Click the plus pop-up, and you see a list of criteria you can search on: text, rating, media type and so forth. One of them is “Keywords.” Choose that and you see a really ugly, half-finished UI for narrowing down what shots this smart collection shows you by keyword. You can change the “Include any” pop-up to “Does not include any,” and the smart collection will now show you all your shots that have not been sorted into any bins. You can then drag your shots from this smart collection to your bins, and as you do, they’ll disappear from view just as if you’d moved them from one bin to another.
Except not really. Because see, when you created the smart collection, you specifically told it which keywords to compare against. If you then create a new “bin” — i.e., a new keyword collection — the smart collection won’t know to ignore clips with that keyword. So when you drag shots from your smart collection to your new “bin,” they won’t disappear from view. In order to make them disappear, you have to double-click the smart collection and check the keyword or keywords corresponding to all the bins you’ve created since you first created that smart collection. So the idea of creating a smart collection to show you unsorted shots first thing after you set up your event simply won’t work. It’s impossible.
There’s another problem to be aware of. It’s possible to put one shot in multiple “bins.” Remember, these things we’re using as bins are really just keyword collections, and a shot can have multiple keywords assigned to it. If you drag a shot from one “bin” to another “bin,” it doesn’t move. It just puts that shot in both bins. Which might be exactly what you want … but more likely won’t be, since we’re trying to get fucking organized here, and we don’t want to see all our fucking shots all the fucking time.
Sorry. Lost my composure there for a minute.
Anyway, let’s sum up project organization in FCP X: It’s apocalyptically bad. Seriously. It’s like the program was specifically and maliciously designed to make it hard to do even the most basic tasks, like sorting your shots into bins so you can find things. Yes, Apple’s apparent philosophy is that human beings shouldn’t sort things; computers should sort things. Human beings should just tell the computer what we want. And if the computer had perfect knowledge, that’d work fine. But the computer won’t ever have perfect knowledge, and if it did, the editor wouldn’t. How many times have you been working on a corporate piece, say, and you’re cutting together interview bites from multiple subjects? Do you ever know the subjects’ names? Hell no. It’s just “this guy with the glasses,” “that girl with the bad haircut,” “that cool chap in the bow tie.” Do you want to have to sit down and methodically tell your editing system which shots have the guy with glasses and which have the girl with the hair? No, you don’t. You just want to throw shit in bins, then browse through them to find the shots you want.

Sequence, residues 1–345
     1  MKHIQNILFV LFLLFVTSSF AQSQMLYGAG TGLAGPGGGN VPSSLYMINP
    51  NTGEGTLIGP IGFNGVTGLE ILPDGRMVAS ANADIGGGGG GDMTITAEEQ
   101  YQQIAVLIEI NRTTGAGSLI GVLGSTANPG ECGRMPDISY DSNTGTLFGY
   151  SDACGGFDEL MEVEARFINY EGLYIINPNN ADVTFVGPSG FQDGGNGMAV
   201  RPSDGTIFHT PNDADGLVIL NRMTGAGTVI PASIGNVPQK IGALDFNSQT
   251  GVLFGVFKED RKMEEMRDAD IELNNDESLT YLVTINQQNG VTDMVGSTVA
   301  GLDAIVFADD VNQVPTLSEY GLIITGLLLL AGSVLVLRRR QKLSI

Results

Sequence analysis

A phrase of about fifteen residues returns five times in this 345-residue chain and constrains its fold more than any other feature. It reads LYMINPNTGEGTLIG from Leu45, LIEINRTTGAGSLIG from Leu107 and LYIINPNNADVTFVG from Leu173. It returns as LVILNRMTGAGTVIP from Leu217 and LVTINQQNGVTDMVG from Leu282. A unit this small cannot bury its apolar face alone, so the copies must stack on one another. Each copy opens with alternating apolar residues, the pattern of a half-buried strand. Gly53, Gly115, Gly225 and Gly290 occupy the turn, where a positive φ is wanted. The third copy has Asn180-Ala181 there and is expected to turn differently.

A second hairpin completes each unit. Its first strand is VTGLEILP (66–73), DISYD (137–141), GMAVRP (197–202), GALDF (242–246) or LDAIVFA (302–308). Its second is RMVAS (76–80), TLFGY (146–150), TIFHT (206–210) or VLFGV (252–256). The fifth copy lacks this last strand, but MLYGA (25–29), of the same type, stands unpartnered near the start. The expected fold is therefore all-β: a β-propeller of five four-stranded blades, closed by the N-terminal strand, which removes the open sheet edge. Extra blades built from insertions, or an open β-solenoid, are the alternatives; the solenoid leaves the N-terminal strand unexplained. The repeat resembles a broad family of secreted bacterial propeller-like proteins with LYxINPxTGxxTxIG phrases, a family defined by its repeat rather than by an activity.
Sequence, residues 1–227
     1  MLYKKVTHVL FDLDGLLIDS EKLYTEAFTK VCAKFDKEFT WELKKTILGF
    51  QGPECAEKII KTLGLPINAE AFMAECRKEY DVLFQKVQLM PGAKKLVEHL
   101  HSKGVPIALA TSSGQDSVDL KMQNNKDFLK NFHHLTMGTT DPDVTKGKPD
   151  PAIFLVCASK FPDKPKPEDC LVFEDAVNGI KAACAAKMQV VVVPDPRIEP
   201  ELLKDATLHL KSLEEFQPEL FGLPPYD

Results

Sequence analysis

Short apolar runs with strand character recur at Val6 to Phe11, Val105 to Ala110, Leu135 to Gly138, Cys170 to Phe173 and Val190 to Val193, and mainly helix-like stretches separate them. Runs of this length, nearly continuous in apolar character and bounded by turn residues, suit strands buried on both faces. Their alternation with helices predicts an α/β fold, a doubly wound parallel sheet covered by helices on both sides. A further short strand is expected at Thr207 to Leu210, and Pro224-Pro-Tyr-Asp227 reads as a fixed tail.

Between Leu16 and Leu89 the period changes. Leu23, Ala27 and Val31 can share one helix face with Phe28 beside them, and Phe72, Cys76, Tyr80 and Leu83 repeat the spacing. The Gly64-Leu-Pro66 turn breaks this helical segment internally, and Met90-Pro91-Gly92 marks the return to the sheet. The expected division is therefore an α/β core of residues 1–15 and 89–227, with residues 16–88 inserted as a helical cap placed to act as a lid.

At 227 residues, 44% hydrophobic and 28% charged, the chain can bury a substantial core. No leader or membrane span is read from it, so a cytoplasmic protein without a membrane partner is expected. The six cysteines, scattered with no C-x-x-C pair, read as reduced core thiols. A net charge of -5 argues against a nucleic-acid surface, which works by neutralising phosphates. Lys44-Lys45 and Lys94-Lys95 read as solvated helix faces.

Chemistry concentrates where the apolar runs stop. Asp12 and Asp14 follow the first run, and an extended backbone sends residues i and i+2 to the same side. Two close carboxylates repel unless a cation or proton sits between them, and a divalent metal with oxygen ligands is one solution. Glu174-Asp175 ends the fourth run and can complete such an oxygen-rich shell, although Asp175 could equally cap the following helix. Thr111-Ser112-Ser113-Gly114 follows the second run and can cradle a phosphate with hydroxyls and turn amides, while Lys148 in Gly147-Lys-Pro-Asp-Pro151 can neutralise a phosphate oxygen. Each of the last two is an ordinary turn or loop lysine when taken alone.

Both Avid and Final Cut Pro — the old one — work on the core principle of putting shit in piles. You can make as many piles as you want, easily, and you can put shit in them. This goes there, that goes there. Easy and quick.
FCP X is based on the core principle that you’re a goddamn librarian. Every shot on your system has to have its own Dewey decimal number, and its own card in the card catalogue. Yes, once you completely and thoroughly annotate every fucking frame in the three-hundred-and-seventy hours of rushes that go into your show, I’m sure FCP X will do a yeoman’s job of finding what you want for you … as long as you, yourself, remember how things were annotated. But if you just want to put shit in piles and then find it again by browsing, like every editor in the universe does, FCP X will fight you tooth and nail every step of the way.
I’m going to stop here because I’m depressed now. That’s how bad FCP X is. It’s not frustrating, nor is it risible. It’s just sad.